The “ideal” body type for women has changed throughout cultures and centuries, and until people stop putting a somewhat obsessive interest in the way they look (though this seems unlikely), it will continue to change as our societies evolve.
From having a round stomach and full hips to being waifish and narrow shouldered, the “ideal” body type for women seems to take on a life of its own as it expands and retracts over the centuries.
The video, which looks pretty similar to how a yo-yo dieter’s body would transform over time, shows around 3,000 years of women’s ideal body types, as determined by their respective society’s standard of beauty.
Ancient Egypt – 1292 B.C. to 1069 B.C.
Art from ancient Egypt tells us that long, braided hair was an important aspect of female beauty. Braids framed a symmetrical face, and women wore thick black kohl around their eyes. Women are shown as slender, with high waists and slim shoulders.
Ancient Greece – 500 B.C. to 300 B.C.
Nudity was a common part of ancient Greek society, but sculptures and paintings of nude women were often covered. It’s thought that the first important female nude sculpture in classical Greece was Aphrodite of Cnidus, who showed that beauty in ancient Greece meant plump and full-figured bodies.
Han Dynasty – 206 B.C. to 220 A.D.
During the Han Dynasty period of Chinese history, feminine beauty meant delicate, slim bodies with a radiating inner glow. Women were expected to have pale skin, long black hair, red lips, white teeth, and a graceful walk with small feet. Small feet were an aspect of Chinese beauty that would continue for hundreds of years.
Italian Renaissance – 1400 A.D. to 1700 A.D.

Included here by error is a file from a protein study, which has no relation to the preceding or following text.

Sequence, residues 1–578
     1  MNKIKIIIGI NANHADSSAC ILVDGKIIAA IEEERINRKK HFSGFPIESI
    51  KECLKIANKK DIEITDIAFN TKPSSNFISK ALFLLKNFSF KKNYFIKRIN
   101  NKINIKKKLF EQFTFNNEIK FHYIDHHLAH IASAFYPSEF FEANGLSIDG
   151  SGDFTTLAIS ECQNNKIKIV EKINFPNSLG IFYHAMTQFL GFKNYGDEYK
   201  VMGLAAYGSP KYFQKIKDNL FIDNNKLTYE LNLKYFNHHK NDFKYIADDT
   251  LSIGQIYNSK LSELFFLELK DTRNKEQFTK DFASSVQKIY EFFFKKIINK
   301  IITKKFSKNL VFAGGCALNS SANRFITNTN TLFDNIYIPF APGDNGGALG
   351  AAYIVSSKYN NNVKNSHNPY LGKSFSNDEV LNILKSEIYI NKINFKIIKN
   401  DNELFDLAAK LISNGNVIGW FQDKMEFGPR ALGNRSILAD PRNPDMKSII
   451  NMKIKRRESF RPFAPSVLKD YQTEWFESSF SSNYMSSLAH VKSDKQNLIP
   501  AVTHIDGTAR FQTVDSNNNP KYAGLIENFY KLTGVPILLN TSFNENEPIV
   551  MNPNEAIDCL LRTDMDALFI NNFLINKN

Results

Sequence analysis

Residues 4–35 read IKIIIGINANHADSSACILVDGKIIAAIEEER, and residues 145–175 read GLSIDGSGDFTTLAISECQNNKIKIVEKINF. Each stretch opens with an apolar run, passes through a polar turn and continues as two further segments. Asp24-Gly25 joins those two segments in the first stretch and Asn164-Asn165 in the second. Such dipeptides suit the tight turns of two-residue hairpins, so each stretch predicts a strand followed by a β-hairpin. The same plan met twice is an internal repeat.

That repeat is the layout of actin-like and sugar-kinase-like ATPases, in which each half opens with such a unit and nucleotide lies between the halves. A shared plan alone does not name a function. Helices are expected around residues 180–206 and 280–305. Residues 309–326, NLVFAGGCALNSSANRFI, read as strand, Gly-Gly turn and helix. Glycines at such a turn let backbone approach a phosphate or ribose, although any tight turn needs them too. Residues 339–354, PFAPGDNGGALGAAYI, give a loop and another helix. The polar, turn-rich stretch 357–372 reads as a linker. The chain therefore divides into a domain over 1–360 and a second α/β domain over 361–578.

Beauty in Renaissance Italy meant a rounded body, including full hips and large breasts. Pale skin, strawberry blonde hair, and high foreheads were all thought of as the height of physical beauty.
Victorian Era – 1937 A.D. to 1901 A.D.
The style of Victorian England reflected women’s motherly position in society. Women wore corsets to cinch their waists as tightly as possible, creating an hourglass figure. These corsets physically restrained women’s range of motion, flaunting their separation from physical labor. Women also wore their hair long as a symbol of femininity.
Roaring Twenties – 1920–29 A.D.
Women in the United States were given the right to vote in 1920, and it set the tone for the decade. Females favored an androgynous look, downplaying their waists and wearing bras that flattened their breasts. Beauty in the 1920s was a curveless, boyish body.
Golden Age Of Hollywood – 1930–1959
The Golden Age of Hollywood lasted from the 1930s through 1950s. During that time, the Hays Code was in effect, establishing moral parameters regarding what could or couldn’t be said, shown, or implied in film. The code limited the types of roles available to women, creating an idealized version of women that, for the first time, was spread around the world. Movie stars at the time, like Marilyn Monroe, flaunted curvier bodies with slim waists.
Swinging Sixties – 1960–69
“Swinging London” had a profound influence throughout the western world during the 1960s, and it helped usher miniskirts and A-line shapes into fashion. These fashions were best modeled by Twiggy, whose slender frame changed the ideal body type from curvy to tall and thin.
Supermodel Era – 1980–89
Jane Fonda created an aerobics fad in the 1980s, which made women want to be fit. Supermodels like Cindy Crawford typified the ideal body of the era: tall, slim, athletic, but still buxom. This era also saw an uptick in anorexia, which some experts thought might’ve been tied to the sudden emphasis on exercise.
Heroin Chic – 1990–99
After the materialism and overexertion of the 1980s, fashion swung the other way. Thin, withdrawn, and pale, Kate Moss typified the heroin chic look in the 1990s. Heroin use actually rose during this time, causing President Clinton to comment on the trend in 1997.
Postmodern Beauty – 2000–Today
Women in the 2000s have been bombarded with so many different requirements of attractiveness. Women should be skinny, but healthy; they should have a flat stomach, but have large breasts and a big butt. And sadly, in order to achieve all this, women have increasingly been turning to plastic surgery to fit this beauty mold.
Before, a little black kohl under the eye, or a corset cinching the waist, was how beauty standards were maintained. But now, going under the knife has become almost commonplace for some women to achieve the “desired” look.
What are your thoughts on the seemingly never-ending beauty standards of women?
[Image via Buzzfeed]